Homer (1970)

91 mins | Drama | 1970

Director:

John Trent

Writer:

Claude Harz

Cinematographer:

Lazlo George

Editor:

Michael Menne

Production Designer:

Jack McAdams

Production Companies:

Palomar Pictures International, Ltd., Cinema Center Films
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HISTORY

The film was shot on location in Canada. Don Scardino ( Homer Edwards ) sings three songs which he composed. Other songs heard in the film include "Down by the Riverside" and tunes sung by The Byrds, Led Zeppelin, and other groups. Homer marked the film debut of Tisa Farrow ( Laurie Grainger ), who was the sister of actress Mia ... More Less

The film was shot on location in Canada. Don Scardino ( Homer Edwards ) sings three songs which he composed. Other songs heard in the film include "Down by the Riverside" and tunes sung by The Byrds, Led Zeppelin, and other groups. Homer marked the film debut of Tisa Farrow ( Laurie Grainger ), who was the sister of actress Mia Farrow. More Less

DETAILS
Premiere Information:
Louisville, Kentucky, opening: 21 September 1970
Physical Properties:
Sound
Color
Technicolor
Duration(in mins):
91
Country:
United States
SYNOPSIS

Homer Edwards, an 18-year-old high school student in a small Wisconsin town, attempts to leave home. He waits all night on the highway trying to hitch a ride, but the sheriff brings him back to his parents' farm the next morning. His father and mother are unsympathetic with his anti-establishment attitudes, and only want Homer to cut his long hair, which he finally permits his girl friend, Laurie Grainger, to trim. Homer's friend Eddie Cochran comes home on army leave before being sent to Vietnam and begins to date Laurie; the boys' friendship is unaffected, however, as Eddie lends Homer his motorcycle for the duration of his army hitch, and Homer's rock band plays for Eddie's farewell party at the American Legion hall. Laurie loves Homer but does not begin to understand him until they talk at her house until 3:30 in the morning while her parents are at a party. When the Graingers return home, they insist that Homer spend the night, which enables Laurie to sneak into the guest room and make love with him for the first time. After Homer wrecks the family car and his father angrily puts him to work on their farm, the two are able to establish temporary communication when Mr. Edwards repairs the motorcycle and Homer rides it through the fields. Their newfound rapport lasts only until Eddie's coffin comes back from Vietnam; Homer then pickets the Veterans of Foreign Wars, sings protest songs, and finally chains himself to a post in front of the VFW hall. His humiliated father publicly slaps Homer's face and destroys the youth's record player and all his records. That night, Homer hitches a ride out ... +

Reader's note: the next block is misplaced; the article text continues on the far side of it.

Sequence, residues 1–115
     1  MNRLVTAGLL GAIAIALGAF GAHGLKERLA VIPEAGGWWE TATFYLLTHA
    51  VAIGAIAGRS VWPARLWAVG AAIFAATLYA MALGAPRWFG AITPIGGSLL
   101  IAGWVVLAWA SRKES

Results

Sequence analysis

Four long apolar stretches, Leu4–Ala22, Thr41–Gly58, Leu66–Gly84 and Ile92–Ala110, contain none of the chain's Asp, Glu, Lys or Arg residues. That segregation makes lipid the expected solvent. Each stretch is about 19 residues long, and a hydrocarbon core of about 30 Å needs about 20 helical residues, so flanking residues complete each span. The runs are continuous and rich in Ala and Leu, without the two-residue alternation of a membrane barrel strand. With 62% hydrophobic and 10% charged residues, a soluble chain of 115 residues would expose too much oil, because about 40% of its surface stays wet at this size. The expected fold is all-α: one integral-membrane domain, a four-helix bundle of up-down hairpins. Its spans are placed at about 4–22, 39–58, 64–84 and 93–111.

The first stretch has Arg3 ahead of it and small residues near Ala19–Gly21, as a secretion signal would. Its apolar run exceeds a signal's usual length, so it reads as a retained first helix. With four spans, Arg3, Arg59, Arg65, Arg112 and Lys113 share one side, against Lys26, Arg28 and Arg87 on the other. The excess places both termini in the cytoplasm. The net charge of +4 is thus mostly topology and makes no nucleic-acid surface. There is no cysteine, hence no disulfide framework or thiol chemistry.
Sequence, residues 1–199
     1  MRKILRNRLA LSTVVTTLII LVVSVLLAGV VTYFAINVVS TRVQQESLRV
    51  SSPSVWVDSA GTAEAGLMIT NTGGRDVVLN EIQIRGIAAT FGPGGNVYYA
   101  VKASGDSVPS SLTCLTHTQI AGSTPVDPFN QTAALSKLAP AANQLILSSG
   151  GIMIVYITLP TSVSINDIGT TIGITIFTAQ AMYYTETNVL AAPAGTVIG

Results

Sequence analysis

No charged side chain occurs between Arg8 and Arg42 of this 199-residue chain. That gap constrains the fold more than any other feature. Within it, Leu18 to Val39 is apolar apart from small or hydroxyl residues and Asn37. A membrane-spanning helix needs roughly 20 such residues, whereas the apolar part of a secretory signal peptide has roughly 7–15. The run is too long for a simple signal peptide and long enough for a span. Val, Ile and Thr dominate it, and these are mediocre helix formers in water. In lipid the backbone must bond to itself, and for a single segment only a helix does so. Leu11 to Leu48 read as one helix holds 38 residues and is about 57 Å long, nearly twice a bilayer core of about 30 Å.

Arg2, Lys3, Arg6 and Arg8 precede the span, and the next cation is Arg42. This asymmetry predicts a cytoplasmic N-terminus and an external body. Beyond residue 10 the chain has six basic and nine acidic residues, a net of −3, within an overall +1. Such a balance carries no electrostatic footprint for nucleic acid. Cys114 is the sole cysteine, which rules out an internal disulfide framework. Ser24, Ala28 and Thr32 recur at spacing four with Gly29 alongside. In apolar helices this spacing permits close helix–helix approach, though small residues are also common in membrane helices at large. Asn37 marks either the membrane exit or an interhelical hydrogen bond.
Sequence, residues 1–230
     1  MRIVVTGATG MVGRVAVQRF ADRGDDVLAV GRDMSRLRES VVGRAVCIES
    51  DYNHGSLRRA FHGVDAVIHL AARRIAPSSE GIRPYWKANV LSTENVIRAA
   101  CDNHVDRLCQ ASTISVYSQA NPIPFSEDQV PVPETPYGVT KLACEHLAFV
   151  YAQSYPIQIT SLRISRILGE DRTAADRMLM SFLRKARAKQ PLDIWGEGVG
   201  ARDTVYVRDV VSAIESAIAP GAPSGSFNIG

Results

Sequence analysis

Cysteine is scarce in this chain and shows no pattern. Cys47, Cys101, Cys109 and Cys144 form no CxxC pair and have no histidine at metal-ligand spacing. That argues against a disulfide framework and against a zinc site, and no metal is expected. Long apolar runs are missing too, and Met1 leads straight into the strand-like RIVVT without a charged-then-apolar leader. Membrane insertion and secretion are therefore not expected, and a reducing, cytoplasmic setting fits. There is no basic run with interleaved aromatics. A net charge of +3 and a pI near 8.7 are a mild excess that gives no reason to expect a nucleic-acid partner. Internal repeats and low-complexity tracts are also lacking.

Homer Edwards, an 18-year-old high school student in a small Wisconsin town, attempts to leave home. He waits all night on the highway trying to hitch a ride, but the sheriff brings him back to his parents' farm the next morning. His father and mother are unsympathetic with his anti-establishment attitudes, and only want Homer to cut his long hair, which he finally permits his girl friend, Laurie Grainger, to trim. Homer's friend Eddie Cochran comes home on army leave before being sent to Vietnam and begins to date Laurie; the boys' friendship is unaffected, however, as Eddie lends Homer his motorcycle for the duration of his army hitch, and Homer's rock band plays for Eddie's farewell party at the American Legion hall. Laurie loves Homer but does not begin to understand him until they talk at her house until 3:30 in the morning while her parents are at a party. When the Graingers return home, they insist that Homer spend the night, which enables Laurie to sneak into the guest room and make love with him for the first time. After Homer wrecks the family car and his father angrily puts him to work on their farm, the two are able to establish temporary communication when Mr. Edwards repairs the motorcycle and Homer rides it through the fields. Their newfound rapport lasts only until Eddie's coffin comes back from Vietnam; Homer then pickets the Veterans of Foreign Wars, sings protest songs, and finally chains himself to a post in front of the VFW hall. His humiliated father publicly slaps Homer's face and destroys the youth's record player and all his records. That night, Homer hitches a ride out of town with some hippies, and his father makes no attempt to stop him. +

Legend
Viewed by AFI
Partially Viewed
Offscreen Credit
Name Occurs Before Title
AFI Life Achievement Award

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The American Film Institute is grateful to Sir Paul Getty KBE and the Sir Paul Getty KBE Estate for their dedication to the art of the moving image and their support for the AFI Catalog of Feature Films and without whose support AFI would not have been able to achieve this historical landmark in this epic scholarly endeavor.